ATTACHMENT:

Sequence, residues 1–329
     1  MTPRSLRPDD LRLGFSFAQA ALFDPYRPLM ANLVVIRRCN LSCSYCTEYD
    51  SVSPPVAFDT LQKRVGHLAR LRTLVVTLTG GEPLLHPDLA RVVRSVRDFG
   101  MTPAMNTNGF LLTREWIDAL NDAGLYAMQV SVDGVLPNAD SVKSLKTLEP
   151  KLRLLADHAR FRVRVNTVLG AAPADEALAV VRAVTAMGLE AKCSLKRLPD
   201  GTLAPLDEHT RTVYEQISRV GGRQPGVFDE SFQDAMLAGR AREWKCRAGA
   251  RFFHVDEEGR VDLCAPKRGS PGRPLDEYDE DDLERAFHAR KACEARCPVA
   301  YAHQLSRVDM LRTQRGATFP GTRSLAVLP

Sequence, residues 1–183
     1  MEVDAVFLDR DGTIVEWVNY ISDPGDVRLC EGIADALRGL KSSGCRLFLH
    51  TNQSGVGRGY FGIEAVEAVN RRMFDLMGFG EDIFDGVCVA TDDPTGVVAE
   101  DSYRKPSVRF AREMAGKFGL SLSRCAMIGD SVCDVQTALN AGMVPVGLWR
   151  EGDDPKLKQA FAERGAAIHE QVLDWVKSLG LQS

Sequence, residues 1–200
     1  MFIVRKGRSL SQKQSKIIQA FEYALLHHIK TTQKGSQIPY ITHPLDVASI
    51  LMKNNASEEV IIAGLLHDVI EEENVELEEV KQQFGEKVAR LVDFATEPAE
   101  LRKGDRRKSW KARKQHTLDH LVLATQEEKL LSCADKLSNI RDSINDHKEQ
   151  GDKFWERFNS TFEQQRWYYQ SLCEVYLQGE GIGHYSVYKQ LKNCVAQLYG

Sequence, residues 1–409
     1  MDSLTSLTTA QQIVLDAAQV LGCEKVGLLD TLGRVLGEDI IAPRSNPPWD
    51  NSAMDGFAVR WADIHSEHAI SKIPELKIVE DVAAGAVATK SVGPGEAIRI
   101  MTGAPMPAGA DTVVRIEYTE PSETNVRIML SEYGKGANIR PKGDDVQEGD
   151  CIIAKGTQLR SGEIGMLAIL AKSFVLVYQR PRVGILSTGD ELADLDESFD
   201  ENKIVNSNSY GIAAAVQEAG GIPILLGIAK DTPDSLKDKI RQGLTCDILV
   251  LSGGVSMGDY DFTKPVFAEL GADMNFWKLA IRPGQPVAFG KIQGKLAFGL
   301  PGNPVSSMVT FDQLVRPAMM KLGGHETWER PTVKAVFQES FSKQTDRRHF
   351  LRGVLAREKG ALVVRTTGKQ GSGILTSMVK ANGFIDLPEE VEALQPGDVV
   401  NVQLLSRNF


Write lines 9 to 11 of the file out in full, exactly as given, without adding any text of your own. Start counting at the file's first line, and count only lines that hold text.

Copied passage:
Sequence, residues 1–183
     1  MEVDAVFLDR DGTIVEWVNY ISDPGDVRLC EGIADALRGL KSSGCRLFLH
    51  TNQSGVGRGY FGIEAVEAVN RRMFDLMGFG EDIFDGVCVA TDDPTGVVAE